Exodus: Gods and Kings
PG-13
Entertainment: +2
Acceptability: -2

FILM SYNOPSIS: Moses (Christian Bale) rises up against the Egyptian Pharaoh Ramses (Joel Edgerton), setting 400,000 slaves on a monumental journey of escape from Egypt and its terrifying cycle of deadly plagues.

PREVIEW REVIEW: If youíre looking for another comic book-ish actioneer to finish off the year, youíre sure to get your moneyís worth (the production cost an estimated $140 million). I can assure you that what you see in the theatrical trailer is what you get in the film Ė one enormous CGI spectacle after another. Thereís also lots of defiance, lots of battles, and lots of slo/mo splattering of blood. What there is little of is the true nature of the biblical story. Moses as played by Bale is equal parts Streetcar Named Desireís Stanley Kowalski and General Patton. The moody Christian Bale has his character more a military figure than humble messenger of God. Both his performance and dialogue seem anachronistic and detached. And God is played by a little boy (silly artistic choice done possibly to take from the Almighty his authority).

Rather than the reverential appeal that has caused biblical epics such as The Ten Commandments and Ben Hur to remain popular with DVD enthusiasts, Exodus: Gods and Kings seems more in the mold of trendy superhero comic book actioneers. The filmmaker chooses not to have a meek Moses approach Pharaoh with Godís warnings, but just lumps all the plagues together (the writers take plenty of latitude with the actual story).This is a shortcoming, because without the warnings, you belittle the fact that the leader of Egypt kept hardening his heart (a symbolic characteristic that indicates manís nature).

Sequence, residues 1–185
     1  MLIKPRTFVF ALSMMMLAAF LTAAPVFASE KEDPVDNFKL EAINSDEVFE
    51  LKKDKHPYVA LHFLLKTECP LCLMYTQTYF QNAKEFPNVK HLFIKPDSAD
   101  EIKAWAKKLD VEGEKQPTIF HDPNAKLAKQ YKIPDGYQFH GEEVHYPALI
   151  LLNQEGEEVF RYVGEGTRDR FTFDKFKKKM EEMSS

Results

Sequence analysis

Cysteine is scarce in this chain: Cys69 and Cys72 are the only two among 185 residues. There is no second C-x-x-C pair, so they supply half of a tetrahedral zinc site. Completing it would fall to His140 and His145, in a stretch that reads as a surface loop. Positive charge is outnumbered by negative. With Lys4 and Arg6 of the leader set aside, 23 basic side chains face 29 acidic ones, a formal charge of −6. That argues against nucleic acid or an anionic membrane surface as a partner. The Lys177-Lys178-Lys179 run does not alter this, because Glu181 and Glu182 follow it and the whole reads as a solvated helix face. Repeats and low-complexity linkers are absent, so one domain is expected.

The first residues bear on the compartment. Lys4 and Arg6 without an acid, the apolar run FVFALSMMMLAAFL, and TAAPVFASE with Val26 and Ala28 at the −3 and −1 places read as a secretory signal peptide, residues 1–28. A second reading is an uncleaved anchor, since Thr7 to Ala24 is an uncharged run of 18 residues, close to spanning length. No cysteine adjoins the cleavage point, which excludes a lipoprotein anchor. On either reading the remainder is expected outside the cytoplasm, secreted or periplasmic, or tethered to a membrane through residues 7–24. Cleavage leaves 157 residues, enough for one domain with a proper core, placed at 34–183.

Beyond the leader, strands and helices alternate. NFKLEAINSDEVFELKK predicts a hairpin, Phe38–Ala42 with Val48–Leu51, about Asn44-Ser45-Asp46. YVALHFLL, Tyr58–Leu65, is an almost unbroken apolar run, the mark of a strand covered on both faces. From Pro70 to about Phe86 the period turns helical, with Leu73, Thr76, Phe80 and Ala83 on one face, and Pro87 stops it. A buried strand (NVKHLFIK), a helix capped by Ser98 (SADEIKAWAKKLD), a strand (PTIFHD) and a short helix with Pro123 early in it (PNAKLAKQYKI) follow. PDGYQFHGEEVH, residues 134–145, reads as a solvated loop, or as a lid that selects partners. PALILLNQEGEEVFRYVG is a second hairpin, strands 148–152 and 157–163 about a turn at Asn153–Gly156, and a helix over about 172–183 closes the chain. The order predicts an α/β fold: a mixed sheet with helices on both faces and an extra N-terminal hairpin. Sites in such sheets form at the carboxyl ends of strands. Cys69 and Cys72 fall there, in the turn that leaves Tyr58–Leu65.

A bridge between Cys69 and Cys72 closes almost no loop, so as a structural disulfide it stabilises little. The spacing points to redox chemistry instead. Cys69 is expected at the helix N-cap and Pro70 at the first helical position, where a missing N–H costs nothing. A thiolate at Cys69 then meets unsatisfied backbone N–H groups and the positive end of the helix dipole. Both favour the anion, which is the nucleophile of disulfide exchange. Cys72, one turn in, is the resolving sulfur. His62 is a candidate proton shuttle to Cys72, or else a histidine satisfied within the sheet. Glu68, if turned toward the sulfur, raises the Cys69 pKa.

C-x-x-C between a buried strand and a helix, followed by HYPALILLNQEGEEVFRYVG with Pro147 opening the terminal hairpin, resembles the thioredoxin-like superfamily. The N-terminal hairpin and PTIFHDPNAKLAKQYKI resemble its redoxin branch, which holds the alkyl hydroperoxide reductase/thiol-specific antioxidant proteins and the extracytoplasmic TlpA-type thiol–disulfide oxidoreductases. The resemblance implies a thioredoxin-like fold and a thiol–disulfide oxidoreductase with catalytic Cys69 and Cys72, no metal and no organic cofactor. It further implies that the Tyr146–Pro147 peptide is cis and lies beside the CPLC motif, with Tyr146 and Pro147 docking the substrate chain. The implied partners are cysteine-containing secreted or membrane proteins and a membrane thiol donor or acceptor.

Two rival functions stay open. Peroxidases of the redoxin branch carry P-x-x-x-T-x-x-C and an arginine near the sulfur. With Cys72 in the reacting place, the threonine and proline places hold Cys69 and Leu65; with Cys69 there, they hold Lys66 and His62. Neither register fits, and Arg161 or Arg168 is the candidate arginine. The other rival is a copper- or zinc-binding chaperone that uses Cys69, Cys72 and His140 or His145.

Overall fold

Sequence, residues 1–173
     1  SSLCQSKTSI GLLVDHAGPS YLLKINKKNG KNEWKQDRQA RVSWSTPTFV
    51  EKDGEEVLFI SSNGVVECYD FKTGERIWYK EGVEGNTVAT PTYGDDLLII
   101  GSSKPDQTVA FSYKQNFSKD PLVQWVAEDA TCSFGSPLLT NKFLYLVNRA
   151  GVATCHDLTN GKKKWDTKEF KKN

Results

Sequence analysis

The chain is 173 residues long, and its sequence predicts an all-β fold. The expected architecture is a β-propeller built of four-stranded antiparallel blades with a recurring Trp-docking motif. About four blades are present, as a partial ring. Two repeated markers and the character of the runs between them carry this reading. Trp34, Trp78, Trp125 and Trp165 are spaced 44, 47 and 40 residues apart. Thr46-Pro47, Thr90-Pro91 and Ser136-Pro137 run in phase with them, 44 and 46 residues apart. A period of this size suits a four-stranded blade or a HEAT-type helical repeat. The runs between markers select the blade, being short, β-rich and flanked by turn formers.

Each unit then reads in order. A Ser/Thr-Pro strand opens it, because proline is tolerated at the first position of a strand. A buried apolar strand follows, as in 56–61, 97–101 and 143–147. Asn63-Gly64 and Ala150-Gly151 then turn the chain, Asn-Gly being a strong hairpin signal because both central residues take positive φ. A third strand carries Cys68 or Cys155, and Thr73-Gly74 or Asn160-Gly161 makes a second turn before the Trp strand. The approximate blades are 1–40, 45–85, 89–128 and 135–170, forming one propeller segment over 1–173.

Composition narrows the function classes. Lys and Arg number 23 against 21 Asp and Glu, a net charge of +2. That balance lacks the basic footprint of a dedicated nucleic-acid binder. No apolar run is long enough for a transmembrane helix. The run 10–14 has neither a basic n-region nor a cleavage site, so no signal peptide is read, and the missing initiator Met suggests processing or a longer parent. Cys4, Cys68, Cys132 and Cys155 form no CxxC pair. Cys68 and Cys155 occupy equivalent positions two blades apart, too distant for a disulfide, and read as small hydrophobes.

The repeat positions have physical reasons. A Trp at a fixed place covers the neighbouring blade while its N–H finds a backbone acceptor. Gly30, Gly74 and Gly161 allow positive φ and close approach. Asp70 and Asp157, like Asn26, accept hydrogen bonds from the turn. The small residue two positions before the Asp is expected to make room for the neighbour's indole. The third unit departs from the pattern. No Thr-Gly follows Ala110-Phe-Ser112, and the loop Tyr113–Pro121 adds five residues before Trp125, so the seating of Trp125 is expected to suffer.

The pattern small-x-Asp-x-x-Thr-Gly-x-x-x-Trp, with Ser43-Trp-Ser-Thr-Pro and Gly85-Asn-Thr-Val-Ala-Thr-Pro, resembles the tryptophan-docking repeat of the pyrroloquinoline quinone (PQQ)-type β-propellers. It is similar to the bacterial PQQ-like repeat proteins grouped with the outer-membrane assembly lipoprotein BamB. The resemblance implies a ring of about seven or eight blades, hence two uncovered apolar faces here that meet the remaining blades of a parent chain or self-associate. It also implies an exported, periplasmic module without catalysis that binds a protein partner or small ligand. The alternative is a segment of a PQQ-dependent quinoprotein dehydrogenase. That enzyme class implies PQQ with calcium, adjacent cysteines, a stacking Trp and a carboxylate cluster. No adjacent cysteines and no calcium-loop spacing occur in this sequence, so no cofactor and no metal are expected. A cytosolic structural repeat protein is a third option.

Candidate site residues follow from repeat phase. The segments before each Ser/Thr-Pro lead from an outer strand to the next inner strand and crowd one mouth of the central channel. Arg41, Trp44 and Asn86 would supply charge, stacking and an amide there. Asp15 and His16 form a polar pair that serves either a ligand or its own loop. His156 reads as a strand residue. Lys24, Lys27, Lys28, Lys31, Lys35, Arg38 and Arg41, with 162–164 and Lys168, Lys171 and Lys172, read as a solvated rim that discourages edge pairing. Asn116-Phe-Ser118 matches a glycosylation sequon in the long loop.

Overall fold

Itís a vibrant but shallow screen adaptation thatís more Marvel magazine than Old Testament scripture.

DVD Alternatives: The Ten Commandments: Cecil B. DeMilleís 1956 epic retelling has some weaknesses, including the miscasting of Edward G. Robinson (great actor, but not right for this genre), but for sheer pageantry and spectacle, itís hard to beat. It tells the story of the life of Moses (Heston). Once favored in the Pharaoh's (Yul Brynner) household, Moses turned his back on a privileged life to lead his people to freedom.

The Prince of Egypt: Taken from the book of Exodus, the story of Moses and the enslaved Hebrews is vividly brought to animated musical life through the sophisticated work of DreamWorks Studios. To borrow a line from another movie marvel, "No expense has been spared." Read the full review

Preview Reviewer: Phil Boatwright
Distributor: 20th Century Fox

Summary
Crude Language: None
Obscene Language: None
Profanity: None
Violence: From beatings to battles, from whippings to hangings, it is a film that spares not the rod.
Sexual Intercourse: None
Nudity: None
Homosexual Conduct: None
Sexually Suggestive Action/Dialog: None
Drug Abuse: None
Other: None
Running Time: 150 minutes
Intended Audience: Teen and Up

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